the study of the kicking components within sports

Tuesday, May 21, 2013

Practice Here, Practice There, Practice Everywhere

State-of-the-art practice facilities are all well and good, but some times, many times, other accommodations have to suffice. Some times, special conditions prevail. We asked specialists what was the most unusual place/scenario where they ever practiced kicking/punting.

"My senior year in high school, we were playing in the State Championship game. We had to use a new long snapper for the game, so the night before, in the hotel hallway on our floor, I made the snapper and holder get about 25 snap holds for timing purposes. On the last few, I actually kicked the ball until one of our coaches came out and put a stop to it."

"I took footballs to Hawaii to practice while on my honeymoon since camp was less than a month away. I also practiced on Bermuda during a bye week. My rookie year, my wife and I drove from California to training camp in Philadelphia and stopped at several schools to punt along the way, among them, Nebraska and Notre Dame."

Mike McCabe, One on One Kicking
"High school parking lot. Fields were so bad from all the winter snow melting in the spring."

"In my rookie season I slipped in a game on a field goal attempt (on Atlanta’s Fulton County Stadium field – perhaps the worst field ever) and swore after that I would never slip again. So... every year after – once a week – I would kick 50 balls off of wet cement to promote total balance, removing the torque off of my plant leg, so I could kick off of ice if needed."

Rex Robinson, Total Kicker
"In 1978, my folks and I went to the beach in Florida. There were no fields to be found so I went to a local playground and kicked over the swing-sets. I also aimed at some lights poles for more of a challenge. I actually started kicking at age nine kicking into some trees near my house, with a branch as the crossbar."

"I'm from Miami, FL. Every year during hurricane season right before a big storm I love to take my bag of footballs out and kick into the wind. Keeping the ball on the tee is the challenge but its unbelievable the distance u can get with 35+mph wind gusts at your back. And don't get me started on punts. If you can manage to get one off without the wind altering the drop too much, let's just say its a confidence booster seeing a spiraling punt explode off your foot in tropical storm-like winds."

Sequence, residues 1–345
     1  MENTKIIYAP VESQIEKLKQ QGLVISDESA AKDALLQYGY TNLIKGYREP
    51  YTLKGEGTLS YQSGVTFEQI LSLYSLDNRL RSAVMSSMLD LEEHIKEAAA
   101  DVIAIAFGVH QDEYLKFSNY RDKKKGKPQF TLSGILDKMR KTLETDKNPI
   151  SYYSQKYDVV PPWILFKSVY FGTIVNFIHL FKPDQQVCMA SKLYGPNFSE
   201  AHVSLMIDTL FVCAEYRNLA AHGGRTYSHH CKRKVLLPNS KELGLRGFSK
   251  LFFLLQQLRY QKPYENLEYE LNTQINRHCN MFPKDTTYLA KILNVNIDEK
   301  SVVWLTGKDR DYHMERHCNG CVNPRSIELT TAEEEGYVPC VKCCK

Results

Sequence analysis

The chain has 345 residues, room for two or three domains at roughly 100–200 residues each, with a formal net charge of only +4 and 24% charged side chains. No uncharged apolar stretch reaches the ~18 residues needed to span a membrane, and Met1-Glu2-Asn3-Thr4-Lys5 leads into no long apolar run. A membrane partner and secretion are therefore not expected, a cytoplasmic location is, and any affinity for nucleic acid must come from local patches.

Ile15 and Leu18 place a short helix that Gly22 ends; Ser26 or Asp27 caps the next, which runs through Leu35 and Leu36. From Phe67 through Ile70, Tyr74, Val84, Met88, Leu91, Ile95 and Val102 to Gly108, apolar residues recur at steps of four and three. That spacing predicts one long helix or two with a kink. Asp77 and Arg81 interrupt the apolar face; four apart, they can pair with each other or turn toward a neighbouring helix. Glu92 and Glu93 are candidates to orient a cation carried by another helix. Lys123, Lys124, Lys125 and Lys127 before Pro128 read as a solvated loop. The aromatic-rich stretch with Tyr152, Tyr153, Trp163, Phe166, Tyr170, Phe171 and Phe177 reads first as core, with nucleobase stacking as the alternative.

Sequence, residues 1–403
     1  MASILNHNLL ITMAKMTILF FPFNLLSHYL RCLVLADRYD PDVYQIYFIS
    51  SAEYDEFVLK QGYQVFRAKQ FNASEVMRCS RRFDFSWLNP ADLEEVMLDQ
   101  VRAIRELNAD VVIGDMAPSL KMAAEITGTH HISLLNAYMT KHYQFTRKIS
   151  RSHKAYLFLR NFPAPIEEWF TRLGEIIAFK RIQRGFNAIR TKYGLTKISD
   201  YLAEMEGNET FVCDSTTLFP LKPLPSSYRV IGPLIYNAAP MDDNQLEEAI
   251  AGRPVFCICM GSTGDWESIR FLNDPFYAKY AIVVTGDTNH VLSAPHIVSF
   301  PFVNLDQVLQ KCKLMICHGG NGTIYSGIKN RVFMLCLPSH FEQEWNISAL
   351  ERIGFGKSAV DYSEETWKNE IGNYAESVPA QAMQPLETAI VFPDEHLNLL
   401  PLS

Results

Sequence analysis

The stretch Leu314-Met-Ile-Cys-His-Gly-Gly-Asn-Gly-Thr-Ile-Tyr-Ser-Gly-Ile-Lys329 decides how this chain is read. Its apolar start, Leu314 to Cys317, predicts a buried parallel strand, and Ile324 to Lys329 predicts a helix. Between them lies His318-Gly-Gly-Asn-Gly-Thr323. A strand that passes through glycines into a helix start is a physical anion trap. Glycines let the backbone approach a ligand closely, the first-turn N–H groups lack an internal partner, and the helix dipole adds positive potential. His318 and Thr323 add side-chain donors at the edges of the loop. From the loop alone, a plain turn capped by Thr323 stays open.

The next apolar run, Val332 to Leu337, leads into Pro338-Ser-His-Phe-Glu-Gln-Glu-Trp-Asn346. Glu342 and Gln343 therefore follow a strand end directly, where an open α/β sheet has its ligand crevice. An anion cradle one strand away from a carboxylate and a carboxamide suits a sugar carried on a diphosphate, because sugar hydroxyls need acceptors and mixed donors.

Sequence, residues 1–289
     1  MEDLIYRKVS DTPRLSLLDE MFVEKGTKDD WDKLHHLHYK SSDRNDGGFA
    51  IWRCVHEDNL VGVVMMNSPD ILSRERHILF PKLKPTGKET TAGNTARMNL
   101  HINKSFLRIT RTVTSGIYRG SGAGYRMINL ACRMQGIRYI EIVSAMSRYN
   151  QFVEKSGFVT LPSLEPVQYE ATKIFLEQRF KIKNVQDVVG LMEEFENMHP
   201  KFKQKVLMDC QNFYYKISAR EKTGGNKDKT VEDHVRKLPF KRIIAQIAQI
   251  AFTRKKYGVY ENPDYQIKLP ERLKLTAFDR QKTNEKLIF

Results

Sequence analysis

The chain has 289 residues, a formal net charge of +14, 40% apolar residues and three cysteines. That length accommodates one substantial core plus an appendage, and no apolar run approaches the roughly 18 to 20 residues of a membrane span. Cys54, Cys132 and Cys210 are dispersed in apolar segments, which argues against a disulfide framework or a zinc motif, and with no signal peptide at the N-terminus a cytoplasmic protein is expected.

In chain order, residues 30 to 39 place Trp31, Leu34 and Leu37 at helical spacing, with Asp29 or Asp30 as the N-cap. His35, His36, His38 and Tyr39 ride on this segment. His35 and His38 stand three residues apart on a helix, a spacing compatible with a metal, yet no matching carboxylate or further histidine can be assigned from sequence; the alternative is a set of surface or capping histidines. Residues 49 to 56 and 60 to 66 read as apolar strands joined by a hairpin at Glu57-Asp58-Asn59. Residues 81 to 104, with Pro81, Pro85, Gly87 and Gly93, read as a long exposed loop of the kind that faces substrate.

"Most unusual place I can think of is a racquetball court."

"As I first learned how to kick a football as a child (using an old hard-toe shoe for the straight-on style), I constructed a make-shift goal post on an empty lot behind my parents' house. For uprights, I used bamboo poles that previously had been wrapped around by carpeting. And for the crossbar I used my mother's old clothesline. If one of my kicks hit the clothesline/crossbar, the goal posts would collapse. Before I made the make-shift goal posts, I settled for simply trying to kick the ball over the telephone wires in the alley from my backyard into the empty lot.

Once as a 14-year-old sophomore, I was kicking before the start of gym class on the high school baseball field. I was kicking from around second base and several of my kicks cleared the right-field fence. Our gym teacher was the head football coach and he invited me immediately to join the varsity."

Nathan Chapman, Pro Kick Australia
Apart from practicing in hail storms, I remember when I was preparing to go to camp for the Packers and I knew it was going to end up getting pretty cold (take into account I live in a place that is like Miami). I used to drive in my car (I was a sales rep) with my helmet on and the air conditioner on full bore to as cold as it could get, and practice spinning the ball like from a snap and then shaping it in my hand like I was going to punt it. I did that a lot.

Practice in all conditions in any environment I say if it can help in any way. Who knows, if I had ever been asked to punt a ball from the front seat of my car, I probably would have been okay at it. So far I have never been asked to."

No comments:

Post a Comment